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Face to Face: IWP writers help empower young Iowans

What does your name mean? Where does it come from? If you could invent your own paradise, what would it look like? These were just some of the questions young writers were busy imagining answers to with the help of IWP writers Matias Correa (Chile), TJ Dema (Botswana), Nay Phone Latt (Burma), Gulala Nouri (Iraq), and Pandora (Burma) two Saturdays ago. The writers had made the trip across the state to the small northwestern Iowa town of Spirit Lake, near the border with Minnesota, to participate in a session of a new program called Face to Face. The International Writing Program and the Iowa Youth Writing Project have paired up to launch the program, which is bringing young people ages 12-18 together for free Saturday creative writing workshops at locations across Iowa throughout September and October.

“Face to Face is a simple but effective concept,” IWP writer Dema said. “Writers, most with teaching experience, get together with a room full of teenagers who love stories—as all children do—and who have the potential to become writers.” Face to Face is designed to reach out to a diverse population, including minority and rural youth around the state who might not normally have the opportunity to interact with people outside their home communities, bringing them into conversation with the international writers in residence at the IWP this fall.

“Our goal is to engage Iowa’s underserved youth with targeted creative writing workshop sessions in places where literature and writing can provide an inimitable bridge,” Iowa Youth Writing Project Coordinator Dora Malech said. Interacting with international writers is an important and powerful opportunity for young Iowans to broaden their horizons and gain a greater understanding of the world at a time when they are being empowered to find their own voices and encouraged to think, write, and share their own unique perspectives in a creative way.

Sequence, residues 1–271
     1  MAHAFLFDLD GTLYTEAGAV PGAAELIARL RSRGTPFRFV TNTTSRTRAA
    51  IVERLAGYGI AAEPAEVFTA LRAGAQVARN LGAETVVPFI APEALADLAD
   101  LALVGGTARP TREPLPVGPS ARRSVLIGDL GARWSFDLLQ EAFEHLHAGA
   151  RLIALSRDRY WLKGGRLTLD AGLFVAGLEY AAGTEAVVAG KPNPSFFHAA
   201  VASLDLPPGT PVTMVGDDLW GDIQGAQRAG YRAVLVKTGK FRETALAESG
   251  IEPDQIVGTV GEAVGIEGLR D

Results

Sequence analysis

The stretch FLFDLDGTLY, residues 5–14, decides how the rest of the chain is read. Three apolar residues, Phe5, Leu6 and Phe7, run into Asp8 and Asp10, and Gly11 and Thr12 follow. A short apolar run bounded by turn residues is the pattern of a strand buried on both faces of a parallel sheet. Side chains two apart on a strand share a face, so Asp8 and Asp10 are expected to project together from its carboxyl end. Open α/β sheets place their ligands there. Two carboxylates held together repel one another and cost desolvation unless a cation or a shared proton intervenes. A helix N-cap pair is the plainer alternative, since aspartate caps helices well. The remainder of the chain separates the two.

The enthusiastic group of students at Spirit Lake spent four hours brainstorming, writing, and even illustrating stories with the help of IWP writers and Iowa Youth Writing Project volunteers, including students and recent graduates of the Iowa Writers’ Workshop. At the end of the day’s session, the young Face to Face participants got a chance to practice reading their work aloud to an audience with a little help and guidance from performance poet Dema.

“The Spirit Lake/Okoboji workshop reminded me just how important it is to create a space where children can learn to give themselves permission to make up their own stories, poems, and drawings,” Dema reflected afterwards. “Our role really was to listen and then say to each child, 'here are a few ideas you might want to explore or this is how you might go about preparing to perform or read your work out loud.'”

The Face to Face program kicked off a few weeks ago with a workshop in Des Moines, the state capital. Genevieve L. Asenjo (Philippines), Alina Dadaeva (Uzbekistan), Pandora (Burma), and Barlen Pyamootoo (Mauritius) participated in that event, hosted by Monsoon United Asian Women of Iowa and Nisaa African Women's Project.  This Friday, IWP writers depart for Upper Iowa University for a Face to Face workshop that will bring students together from areas around Fayette, in the northeastern corner of the state. After another session in Ottumwa (southeast Iowa), young people who participated in Face to Face workshops all over the state will convene in Iowa City on October 27th for a day of workshops and special events.

Face to Face is funded by a grant from the University of Iowa Provost Office and the Office of the Vice President for Research. The project is just one of the many ways IWP writers interact with the local community in Iowa City and beyond. For more on these interactions, visit our Facebook page, where you can also see photos of a recent day of readings, Q&A, and workshops with students from Des Moines Central Academy, when they visited IWP writers at Shambaugh House earlier this week.

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